Despite the majority of Californians driving less last year, most auto insurance companies operating in the state continued to charge pre-pandemic rates, managing to collect a windfall of about $5.5 billion, new analysis by Consumer Watchdog has found.
The consumer advocate group noted that the newly published 2020 data suggested that although accident claims dropped as most vehicles remained parked, insurers failed to reduce rates accordingly. Thus, insurers’ average return on net worth was over twice what California law allows last year.
Consumer Watchdog also pointed out that since April 2020, California insurance commissioner Ricardo Lara issued four bulletins that directed insurers to refund overcharges. In March 2021, Lara set an April 30, 2021 deadline for insurers to repay outstanding refunds from last year, and the firms were even allowed to calculate for themselves what they still owed to their customers.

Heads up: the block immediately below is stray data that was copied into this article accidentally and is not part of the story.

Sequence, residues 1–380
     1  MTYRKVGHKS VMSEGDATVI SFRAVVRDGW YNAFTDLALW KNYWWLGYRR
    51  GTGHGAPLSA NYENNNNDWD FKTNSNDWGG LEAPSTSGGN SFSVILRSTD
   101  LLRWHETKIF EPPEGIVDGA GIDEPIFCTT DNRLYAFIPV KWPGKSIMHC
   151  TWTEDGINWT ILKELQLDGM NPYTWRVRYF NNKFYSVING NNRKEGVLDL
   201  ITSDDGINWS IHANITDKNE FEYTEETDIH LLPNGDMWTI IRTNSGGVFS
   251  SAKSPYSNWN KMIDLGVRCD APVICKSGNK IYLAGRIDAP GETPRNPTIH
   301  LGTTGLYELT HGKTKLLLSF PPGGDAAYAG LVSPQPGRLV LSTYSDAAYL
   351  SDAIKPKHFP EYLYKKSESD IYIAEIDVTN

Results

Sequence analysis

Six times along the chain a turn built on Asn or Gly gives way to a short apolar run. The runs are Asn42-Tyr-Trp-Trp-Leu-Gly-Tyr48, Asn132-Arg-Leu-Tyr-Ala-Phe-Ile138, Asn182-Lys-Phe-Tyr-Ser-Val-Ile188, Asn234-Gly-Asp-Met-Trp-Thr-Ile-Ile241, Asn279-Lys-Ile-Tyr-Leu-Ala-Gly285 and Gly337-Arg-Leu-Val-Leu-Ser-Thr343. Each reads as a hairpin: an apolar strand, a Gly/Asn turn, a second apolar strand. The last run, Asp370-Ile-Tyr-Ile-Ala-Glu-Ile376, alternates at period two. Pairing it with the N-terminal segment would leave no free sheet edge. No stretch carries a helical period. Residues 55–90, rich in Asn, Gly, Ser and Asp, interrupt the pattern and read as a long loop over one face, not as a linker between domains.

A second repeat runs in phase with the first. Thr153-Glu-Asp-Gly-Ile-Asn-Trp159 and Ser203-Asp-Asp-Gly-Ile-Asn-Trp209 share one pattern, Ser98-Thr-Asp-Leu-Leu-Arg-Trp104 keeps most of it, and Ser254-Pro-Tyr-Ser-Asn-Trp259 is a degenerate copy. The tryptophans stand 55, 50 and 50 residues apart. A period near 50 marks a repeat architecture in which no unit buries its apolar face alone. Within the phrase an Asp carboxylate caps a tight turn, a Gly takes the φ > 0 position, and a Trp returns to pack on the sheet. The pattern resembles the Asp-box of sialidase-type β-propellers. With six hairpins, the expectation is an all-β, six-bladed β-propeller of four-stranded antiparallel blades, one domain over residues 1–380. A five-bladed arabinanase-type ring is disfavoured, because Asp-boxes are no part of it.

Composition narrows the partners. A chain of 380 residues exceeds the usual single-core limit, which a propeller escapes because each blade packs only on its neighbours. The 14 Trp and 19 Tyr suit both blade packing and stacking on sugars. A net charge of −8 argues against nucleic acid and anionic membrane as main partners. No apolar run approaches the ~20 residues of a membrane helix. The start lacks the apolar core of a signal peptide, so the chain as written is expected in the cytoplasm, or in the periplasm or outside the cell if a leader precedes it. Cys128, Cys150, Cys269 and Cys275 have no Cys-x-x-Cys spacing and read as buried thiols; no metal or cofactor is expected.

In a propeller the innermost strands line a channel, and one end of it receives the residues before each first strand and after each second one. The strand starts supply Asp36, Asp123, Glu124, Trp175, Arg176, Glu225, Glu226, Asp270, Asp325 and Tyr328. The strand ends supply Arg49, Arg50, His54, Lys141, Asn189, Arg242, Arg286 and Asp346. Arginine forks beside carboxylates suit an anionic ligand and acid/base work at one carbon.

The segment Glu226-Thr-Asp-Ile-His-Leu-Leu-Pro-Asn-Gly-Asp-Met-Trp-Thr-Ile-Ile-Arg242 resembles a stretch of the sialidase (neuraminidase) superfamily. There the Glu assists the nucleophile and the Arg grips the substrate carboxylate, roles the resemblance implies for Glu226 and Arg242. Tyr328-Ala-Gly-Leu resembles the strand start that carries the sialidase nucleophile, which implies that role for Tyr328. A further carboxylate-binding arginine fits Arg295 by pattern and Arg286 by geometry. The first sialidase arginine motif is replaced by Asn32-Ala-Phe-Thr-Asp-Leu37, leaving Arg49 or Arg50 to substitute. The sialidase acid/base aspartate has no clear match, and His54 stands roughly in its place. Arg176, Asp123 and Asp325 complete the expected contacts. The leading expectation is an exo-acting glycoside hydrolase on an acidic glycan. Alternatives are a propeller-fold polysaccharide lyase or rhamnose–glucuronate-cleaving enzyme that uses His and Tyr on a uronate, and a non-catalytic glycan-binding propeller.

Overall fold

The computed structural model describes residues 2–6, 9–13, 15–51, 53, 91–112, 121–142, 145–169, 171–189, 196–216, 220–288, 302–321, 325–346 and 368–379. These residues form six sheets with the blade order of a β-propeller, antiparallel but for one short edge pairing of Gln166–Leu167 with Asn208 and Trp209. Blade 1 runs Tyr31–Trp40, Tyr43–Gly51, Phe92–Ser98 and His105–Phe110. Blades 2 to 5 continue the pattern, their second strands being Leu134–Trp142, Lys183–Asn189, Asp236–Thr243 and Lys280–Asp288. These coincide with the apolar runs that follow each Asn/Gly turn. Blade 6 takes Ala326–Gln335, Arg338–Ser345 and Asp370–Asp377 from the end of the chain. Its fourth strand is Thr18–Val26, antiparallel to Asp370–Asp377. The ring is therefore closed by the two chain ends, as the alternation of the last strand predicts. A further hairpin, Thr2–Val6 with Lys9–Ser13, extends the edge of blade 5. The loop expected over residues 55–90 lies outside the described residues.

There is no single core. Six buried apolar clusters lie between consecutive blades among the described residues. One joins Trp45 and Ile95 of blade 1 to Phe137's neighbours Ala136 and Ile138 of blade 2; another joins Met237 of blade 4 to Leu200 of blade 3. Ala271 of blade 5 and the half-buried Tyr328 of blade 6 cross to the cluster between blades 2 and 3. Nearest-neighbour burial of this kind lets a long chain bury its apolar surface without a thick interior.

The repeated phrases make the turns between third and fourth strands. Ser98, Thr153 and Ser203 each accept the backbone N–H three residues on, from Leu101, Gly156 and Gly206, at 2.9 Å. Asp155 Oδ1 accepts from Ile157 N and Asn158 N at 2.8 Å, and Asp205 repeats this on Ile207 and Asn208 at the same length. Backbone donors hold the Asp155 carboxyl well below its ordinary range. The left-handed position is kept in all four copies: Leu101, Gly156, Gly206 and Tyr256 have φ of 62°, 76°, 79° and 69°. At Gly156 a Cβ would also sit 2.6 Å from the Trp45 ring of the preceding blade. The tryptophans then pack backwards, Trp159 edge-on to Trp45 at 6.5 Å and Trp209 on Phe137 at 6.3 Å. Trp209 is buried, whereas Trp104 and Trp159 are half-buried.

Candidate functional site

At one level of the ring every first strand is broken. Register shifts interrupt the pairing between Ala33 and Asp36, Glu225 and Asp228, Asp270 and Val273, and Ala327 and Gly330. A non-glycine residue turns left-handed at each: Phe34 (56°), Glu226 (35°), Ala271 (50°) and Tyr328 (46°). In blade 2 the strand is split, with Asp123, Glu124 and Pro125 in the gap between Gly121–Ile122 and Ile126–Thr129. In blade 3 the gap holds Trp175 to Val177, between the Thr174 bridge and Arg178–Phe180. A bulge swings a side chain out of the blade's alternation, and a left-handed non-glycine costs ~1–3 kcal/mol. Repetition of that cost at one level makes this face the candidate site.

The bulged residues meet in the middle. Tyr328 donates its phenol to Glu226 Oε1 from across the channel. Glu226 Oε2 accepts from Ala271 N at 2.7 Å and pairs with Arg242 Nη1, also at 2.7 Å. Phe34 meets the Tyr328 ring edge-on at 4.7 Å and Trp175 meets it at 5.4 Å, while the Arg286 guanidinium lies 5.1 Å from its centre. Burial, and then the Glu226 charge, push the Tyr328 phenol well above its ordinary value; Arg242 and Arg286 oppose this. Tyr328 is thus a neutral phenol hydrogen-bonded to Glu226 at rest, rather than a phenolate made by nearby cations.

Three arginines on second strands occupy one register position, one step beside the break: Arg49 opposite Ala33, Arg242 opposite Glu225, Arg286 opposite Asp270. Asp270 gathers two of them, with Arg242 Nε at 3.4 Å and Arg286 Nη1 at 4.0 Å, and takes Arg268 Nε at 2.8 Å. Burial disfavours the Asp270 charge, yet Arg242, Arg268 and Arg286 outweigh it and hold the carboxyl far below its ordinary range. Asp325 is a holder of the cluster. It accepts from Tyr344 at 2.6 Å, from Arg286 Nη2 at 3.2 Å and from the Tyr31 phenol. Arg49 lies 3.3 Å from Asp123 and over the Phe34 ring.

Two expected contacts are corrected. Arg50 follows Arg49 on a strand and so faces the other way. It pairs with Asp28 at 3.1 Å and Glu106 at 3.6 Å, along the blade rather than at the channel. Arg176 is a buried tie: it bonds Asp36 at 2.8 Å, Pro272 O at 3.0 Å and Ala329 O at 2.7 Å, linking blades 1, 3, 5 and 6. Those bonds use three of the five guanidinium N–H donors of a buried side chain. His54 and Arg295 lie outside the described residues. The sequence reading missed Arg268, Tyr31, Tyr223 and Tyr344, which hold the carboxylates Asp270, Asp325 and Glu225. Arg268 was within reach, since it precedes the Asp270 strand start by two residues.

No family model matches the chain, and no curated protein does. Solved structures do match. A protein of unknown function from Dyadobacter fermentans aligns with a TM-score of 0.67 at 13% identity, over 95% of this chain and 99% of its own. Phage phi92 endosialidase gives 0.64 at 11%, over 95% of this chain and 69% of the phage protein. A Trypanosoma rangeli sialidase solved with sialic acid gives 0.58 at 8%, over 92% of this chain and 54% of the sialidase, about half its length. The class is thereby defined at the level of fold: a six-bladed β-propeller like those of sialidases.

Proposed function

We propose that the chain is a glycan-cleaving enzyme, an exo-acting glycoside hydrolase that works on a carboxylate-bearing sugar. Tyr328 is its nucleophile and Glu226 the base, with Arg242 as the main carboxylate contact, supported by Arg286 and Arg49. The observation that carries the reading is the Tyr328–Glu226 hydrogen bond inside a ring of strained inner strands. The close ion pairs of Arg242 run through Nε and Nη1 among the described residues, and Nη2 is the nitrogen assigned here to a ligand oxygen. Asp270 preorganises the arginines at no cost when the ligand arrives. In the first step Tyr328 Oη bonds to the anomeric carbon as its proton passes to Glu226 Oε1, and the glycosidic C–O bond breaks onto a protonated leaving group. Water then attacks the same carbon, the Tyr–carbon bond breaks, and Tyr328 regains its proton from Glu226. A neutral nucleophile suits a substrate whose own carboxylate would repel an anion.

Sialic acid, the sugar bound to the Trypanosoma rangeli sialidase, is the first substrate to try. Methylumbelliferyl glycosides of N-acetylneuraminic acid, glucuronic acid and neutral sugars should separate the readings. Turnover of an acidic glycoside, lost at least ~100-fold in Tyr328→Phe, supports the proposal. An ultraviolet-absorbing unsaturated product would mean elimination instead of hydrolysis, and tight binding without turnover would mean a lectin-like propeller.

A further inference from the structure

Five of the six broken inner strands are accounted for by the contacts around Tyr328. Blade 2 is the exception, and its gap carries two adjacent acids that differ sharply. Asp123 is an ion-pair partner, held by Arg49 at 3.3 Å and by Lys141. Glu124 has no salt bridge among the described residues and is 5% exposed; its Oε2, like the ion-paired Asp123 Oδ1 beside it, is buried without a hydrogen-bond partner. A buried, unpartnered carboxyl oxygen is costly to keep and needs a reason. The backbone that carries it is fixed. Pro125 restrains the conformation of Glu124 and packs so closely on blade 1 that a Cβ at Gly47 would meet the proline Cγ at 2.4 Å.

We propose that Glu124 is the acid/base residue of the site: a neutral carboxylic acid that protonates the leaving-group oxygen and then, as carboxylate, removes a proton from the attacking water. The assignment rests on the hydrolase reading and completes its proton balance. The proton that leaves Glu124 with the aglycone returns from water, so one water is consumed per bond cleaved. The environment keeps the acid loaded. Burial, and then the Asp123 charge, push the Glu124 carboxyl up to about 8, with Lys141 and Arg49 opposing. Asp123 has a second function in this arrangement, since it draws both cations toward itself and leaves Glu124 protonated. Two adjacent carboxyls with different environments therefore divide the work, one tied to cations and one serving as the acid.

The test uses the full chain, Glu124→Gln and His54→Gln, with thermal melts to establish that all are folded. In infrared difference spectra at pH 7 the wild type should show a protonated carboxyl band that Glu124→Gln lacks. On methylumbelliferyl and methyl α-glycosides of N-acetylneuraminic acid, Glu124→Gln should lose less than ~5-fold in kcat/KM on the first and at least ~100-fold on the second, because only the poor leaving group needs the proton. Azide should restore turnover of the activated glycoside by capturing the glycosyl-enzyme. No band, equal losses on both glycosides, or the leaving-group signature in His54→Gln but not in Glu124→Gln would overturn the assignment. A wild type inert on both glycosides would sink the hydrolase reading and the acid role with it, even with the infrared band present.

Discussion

But the top 15 auto insurers – which represent 70% of the market – have only repaid about $1.9 billion for 2020.
"Asking insurers to calculate their own refunds hasn't resulted in consumers getting what they're owed. Insurance companies are hanging on to billions of drivers' dollars that should be helping Californians get back on their feet as we emerge from the pandemic,” said Consumer Watchdog executive director Carmen Balber. “The insurance commissioner must require companies to refund past overcharges in full, with interest, and make sure rates are not excessive going forward.”
Consumer Watchdog has stated that overcharge data for 2021 is not yet available, but noted that the pandemic has continued to affect the economy and traffic patterns. Accident rates are still not what they were before March 2020, the group pointed out, which suggests that insurers owe consumers “billions more” for the first six months of 2021.
It was also mentioned by Consumer Watchdog that auto insurers have so far repaid less than $100 million for 2021.